ICE to California: 'No choice' but to arrest illegal immigrants despite sanctuary state legislation

The head of the federal Immigration and Customs Enforcement (ICE) said Friday that his agency had “no choice” but to arrest illegal immigrants in California’s neighborhoods and worksites despite newly signed sanctuary city legislation in the state.

Those arrested would also likely be placed in out-of-state detention centers, ICE Acting Director Thomas Homan said in a statement.

Homan’s comments came a day after California Gov. Jerry Brown, a Democrat, signed state Senate bill SB54, or sanctuary state legislation.

FILE - In this July 17, 2017 file photo Gov. Jerry Brown speaks at a Capitol news conference in Sacramento, Calif. Brown signed "sanctuary state" legislation Thursday, Oct. 5 that extends protections for immigrants living in the United States illegally — a move that gives the nation's most populous state another tool to fight President Donald Trump.  (AP Photo/Rich Pedroncelli, File)

California Gov. Jerry Brown, a Democrat, signed the state's sanctuary legislation into law on Thursday, Oct. 5, 2017.  (AP)

The new state law, which takes effect Jan. 1, will ban police from asking people about their immigration status or participating in federal immigration enforcement activities. Jail officials would be allowed to transfer inmates to federal immigration authorities only if they have been convicted of certain crimes.

Homan cautioned the bill helped protect illegal immigrants from deportation and made the state a “magnet."


"Ultimately, SB54 helps shield removable aliens from immigration enforcement and creates another magnet for more illegal immigration, all at the expense of the safety and security of the very people it purports to protect," Homan warned.

However, Brown noted the law does not bar ICE from operating in the state. His office declined to comment further on the ICE statement Friday.

"They are free to use their own considerable resources to enforce federal immigration law in California," Brown wrote.

In this Jan. 25, 2017 file photo protesters hold signs as they listen to speakers at a rally outside of City Hall in San Francisco, Calif. California Gov. Jerry Brown signed legislation, SB54, the statuary state bill, that extends protections statewide for immigrants living the United State illegally, Thursday, Oct. 5, 2017. (AP Photo/Jeff Chiu,file)

California's sanctuary state legislation, which takes effect Jan. 1, would ban police from asking people about their immigration status or participating in federal immigration enforcement activities.  (Associated Press)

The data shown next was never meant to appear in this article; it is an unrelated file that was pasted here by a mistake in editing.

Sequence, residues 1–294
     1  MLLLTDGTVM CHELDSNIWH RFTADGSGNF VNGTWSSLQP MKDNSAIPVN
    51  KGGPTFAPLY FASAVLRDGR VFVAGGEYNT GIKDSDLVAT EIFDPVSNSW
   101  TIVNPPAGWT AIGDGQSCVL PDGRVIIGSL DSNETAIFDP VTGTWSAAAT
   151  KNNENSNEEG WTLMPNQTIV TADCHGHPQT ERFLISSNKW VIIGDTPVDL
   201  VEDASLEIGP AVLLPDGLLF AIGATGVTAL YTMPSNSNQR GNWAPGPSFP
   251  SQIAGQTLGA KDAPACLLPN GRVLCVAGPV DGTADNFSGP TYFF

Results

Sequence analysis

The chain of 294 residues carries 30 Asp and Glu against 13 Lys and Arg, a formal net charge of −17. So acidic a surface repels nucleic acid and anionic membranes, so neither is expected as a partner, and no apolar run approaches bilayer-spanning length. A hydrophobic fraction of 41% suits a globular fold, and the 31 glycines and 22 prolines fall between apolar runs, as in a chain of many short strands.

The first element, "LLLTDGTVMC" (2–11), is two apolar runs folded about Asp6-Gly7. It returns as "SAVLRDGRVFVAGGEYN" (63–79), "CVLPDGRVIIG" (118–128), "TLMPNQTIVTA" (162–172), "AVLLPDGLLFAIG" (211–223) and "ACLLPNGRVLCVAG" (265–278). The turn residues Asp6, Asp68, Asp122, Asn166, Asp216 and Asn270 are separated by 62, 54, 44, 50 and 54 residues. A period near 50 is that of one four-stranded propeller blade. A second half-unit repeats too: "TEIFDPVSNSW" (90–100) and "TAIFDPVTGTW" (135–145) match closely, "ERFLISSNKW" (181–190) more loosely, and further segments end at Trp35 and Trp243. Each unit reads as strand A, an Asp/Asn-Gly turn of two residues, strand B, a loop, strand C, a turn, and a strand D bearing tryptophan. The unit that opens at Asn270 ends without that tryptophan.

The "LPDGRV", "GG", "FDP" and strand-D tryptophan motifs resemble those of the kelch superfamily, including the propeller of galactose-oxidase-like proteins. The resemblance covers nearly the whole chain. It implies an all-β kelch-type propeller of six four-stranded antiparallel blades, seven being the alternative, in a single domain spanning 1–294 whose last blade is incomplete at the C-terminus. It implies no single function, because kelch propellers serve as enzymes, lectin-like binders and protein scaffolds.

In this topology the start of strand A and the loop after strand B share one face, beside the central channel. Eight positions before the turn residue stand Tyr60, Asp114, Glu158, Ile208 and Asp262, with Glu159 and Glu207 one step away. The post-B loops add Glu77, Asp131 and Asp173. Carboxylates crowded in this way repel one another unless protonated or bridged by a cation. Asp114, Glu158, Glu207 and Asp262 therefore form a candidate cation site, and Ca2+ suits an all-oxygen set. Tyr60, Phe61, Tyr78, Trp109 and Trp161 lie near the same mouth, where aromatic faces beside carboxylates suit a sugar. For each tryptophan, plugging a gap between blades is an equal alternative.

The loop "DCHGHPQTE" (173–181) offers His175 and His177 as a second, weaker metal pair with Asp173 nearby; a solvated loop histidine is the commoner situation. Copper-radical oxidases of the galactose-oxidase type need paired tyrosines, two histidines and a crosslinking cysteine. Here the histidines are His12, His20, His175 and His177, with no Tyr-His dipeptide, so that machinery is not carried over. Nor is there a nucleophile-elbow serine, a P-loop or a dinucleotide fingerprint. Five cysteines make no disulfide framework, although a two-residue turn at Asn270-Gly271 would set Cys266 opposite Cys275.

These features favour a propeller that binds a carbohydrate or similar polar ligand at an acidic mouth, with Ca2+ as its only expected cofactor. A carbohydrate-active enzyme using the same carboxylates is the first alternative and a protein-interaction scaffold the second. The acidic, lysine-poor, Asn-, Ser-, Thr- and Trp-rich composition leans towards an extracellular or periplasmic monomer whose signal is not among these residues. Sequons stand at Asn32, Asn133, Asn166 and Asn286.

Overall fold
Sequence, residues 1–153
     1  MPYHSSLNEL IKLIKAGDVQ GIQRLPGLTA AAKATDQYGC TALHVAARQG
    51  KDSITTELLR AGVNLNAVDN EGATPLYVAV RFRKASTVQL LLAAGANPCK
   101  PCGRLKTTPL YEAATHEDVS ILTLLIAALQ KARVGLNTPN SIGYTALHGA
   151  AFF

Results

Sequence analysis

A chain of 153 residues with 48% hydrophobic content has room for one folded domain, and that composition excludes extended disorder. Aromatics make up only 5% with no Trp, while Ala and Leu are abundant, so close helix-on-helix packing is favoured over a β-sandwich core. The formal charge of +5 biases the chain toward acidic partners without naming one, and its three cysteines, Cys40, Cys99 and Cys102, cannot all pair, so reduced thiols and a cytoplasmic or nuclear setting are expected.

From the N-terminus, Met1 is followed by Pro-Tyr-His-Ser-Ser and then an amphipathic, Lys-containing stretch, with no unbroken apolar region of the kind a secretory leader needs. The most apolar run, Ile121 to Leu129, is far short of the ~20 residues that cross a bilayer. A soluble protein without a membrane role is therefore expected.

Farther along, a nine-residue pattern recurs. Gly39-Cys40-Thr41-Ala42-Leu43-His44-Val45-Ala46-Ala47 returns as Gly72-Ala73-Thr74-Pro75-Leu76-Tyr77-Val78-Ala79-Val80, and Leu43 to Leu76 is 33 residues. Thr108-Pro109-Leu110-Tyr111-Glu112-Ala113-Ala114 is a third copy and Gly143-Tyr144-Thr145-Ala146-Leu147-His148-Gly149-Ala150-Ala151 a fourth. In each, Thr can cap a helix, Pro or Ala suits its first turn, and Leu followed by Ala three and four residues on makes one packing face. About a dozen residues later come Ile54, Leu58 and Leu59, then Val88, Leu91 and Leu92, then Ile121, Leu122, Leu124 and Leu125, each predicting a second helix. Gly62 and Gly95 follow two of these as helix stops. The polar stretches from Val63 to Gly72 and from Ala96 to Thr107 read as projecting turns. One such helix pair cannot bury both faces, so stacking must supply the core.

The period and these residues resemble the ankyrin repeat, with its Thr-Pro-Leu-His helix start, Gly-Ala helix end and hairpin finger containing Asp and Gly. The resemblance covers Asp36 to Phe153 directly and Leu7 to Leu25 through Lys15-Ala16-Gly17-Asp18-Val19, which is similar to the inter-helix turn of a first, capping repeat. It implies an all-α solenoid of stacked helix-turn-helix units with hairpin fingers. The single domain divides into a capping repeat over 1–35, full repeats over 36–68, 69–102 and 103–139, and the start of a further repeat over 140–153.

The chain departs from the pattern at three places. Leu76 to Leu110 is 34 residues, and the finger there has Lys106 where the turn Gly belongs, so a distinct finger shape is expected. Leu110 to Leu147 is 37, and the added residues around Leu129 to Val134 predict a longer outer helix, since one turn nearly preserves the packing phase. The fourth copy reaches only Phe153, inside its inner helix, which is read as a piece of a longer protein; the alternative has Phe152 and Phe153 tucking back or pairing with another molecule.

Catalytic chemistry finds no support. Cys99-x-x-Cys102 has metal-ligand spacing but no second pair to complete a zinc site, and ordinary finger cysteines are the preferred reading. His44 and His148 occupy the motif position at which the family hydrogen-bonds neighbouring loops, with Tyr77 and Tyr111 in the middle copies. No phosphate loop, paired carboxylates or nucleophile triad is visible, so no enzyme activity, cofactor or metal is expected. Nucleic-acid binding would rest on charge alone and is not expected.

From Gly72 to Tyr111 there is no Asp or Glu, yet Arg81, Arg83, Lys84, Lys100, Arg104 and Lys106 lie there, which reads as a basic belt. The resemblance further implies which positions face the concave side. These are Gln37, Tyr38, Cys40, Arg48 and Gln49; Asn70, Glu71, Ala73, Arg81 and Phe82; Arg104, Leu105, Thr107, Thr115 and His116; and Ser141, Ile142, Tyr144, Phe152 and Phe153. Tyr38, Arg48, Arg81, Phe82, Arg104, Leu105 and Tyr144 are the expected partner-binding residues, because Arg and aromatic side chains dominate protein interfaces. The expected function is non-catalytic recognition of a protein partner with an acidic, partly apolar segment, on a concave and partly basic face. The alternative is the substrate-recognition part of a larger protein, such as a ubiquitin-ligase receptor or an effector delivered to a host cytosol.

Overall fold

Brown said the law does prevent the “commandeering of local officials” to do immigration work.

“These are uncertain times for undocumented Californians and their families, and this bill strikes a balance that will protect public safety while bringing a measure of comfort to those families who are now living in fear every day,” Brown said. 


Democratic Senate President Pro Tem Kevin de Leon, who carried the bill, said Homan's statement "exemplifies the fearmongering and lies that guide this Administration."

"The Trump Administration is once again making heavy-handed threats against California because we won't help them tear apart families and our economy in the process," de Leon said in a statement.

Democratic lawmakers in California have worked to create barriers to Trump’s campaign pledge to bolster deportation efforts.  

Trump highlighted sanctuary cities during his presidential campaign after the killing of Kate Steinle, a San Francisco woman who was fatally shot at a pier in 2015 by a Mexican national who had been deported five times. In June, the House passed Kate’s Law, which would increase the penalties for deported aliens who try to return to the U.S.

Trump has threatened to withhold federal funding to sanctuary cities, several of which have filed lawsuits to prevent that from happening.

California is home to an estimated 2.3 million immigrants without legal authorization. 

The Associated Press contributed to this report.